The operation to remove Syria’s chemical arsenal has suffered another setback, with the head of the Organization for the Prohibition of Chemical Weapons (OPCW) saying Thursday that the removal and destruction of the most dangerous agents in Syria's chemical arsenal will likely be delayed.
According to Reuters, OPCW head Ahmet Uzumcu explained that the delay is due to security and logistical problems. At the same, he stressed that the final deadline of the end of June for eliminating all chemicals remains.
The goal for eradicating mustard gas and principal chemical components for making Sarin and VX - known as "priority A" chemicals - was originally the end of March, noted Reuters.
Syria has already missed a December 31 goal to transport the most toxic substances to a port and so far has loaded only a relatively small amount of chemicals - around five percent, according to a senior Western diplomat in New York - onto the Danish cargo ship Ark Futura.
Uzumcu said he was "confident" that all the chemicals could be destroyed by the end of June - the original deadline for the complete elimination of Syria's chemical weapons program and associated agents.
When asked whether the March 31 destruction deadline for the priority chemicals would be met, Uzumcu said, according to Reuters, "As we were not able to meet the timeline for the 31st of December ... from my point of view what is important is really the end of June 2014, so we will do our best to meet it."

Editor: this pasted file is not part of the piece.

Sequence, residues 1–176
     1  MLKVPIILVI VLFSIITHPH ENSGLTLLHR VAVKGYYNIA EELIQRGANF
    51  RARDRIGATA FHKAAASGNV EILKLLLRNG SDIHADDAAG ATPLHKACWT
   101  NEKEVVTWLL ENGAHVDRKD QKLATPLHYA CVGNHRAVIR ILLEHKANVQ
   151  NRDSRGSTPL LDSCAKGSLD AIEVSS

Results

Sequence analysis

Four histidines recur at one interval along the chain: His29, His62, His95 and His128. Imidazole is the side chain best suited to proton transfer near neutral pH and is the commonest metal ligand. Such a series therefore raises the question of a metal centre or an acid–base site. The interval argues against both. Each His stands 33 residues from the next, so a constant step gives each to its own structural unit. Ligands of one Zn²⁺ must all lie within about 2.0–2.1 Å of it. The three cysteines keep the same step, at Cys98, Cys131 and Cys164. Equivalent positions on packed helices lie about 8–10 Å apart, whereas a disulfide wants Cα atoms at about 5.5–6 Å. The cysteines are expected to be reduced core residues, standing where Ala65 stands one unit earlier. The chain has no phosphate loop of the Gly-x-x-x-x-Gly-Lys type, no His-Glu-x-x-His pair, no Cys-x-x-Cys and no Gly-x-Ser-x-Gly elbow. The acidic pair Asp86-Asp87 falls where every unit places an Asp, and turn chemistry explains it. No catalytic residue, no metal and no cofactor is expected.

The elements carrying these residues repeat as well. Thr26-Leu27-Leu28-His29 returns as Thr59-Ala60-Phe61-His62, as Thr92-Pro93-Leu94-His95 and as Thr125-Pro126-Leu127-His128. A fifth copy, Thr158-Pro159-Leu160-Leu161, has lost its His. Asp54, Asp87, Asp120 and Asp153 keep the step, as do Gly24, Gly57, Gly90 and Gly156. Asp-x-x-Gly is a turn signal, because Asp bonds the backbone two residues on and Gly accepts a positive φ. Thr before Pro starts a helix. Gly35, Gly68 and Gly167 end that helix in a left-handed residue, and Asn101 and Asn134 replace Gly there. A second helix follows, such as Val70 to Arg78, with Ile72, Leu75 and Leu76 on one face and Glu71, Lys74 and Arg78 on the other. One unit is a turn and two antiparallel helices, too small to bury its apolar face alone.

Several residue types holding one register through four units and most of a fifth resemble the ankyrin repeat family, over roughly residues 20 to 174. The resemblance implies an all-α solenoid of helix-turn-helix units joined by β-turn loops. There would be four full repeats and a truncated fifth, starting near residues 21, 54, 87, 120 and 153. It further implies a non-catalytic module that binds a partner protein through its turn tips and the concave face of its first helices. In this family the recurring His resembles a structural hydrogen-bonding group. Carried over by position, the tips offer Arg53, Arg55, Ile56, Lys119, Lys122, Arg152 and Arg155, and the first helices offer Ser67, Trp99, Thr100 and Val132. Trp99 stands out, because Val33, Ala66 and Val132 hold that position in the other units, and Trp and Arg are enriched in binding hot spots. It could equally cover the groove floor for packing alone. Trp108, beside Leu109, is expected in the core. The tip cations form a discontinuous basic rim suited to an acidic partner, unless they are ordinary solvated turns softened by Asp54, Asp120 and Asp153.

The OPCW later released a statement saying Uzumcu had confirmed while speaking in Rome that he "remains confident the deadline of 30 June 2014 for destroying Syria's entire arsenal of chemical weapons can be met."
The international operation to destroy Syria’s stockpile of deadly chemicals is a joint Russian-U.S. Syrian chemical plan that was endorsed by the UN Security Council in September.
The resolution was a last-minute measure to prevent an American strike on Syria in retaliation for the regime's alleged use of chemical weapons in an attack on a Damascus suburb in August that left hundreds dead.
The OPCW is overseeing the destruction of the Syrian arsenal as part of this international accord.
Several countries have joined the operation, the latest one being Britain, which said this week it would give the United States specialist equipment and training to help it destroy Syria's chemical weapons arsenal more quickly.
Chemical weapons were likely used in five out of seven attacks investigated by UN experts in Syria, where a near three-year year civil war has killed more than 100,000 people.
The Syrian government and the opposition have accused each other of using chemical weapons, and both have denied it.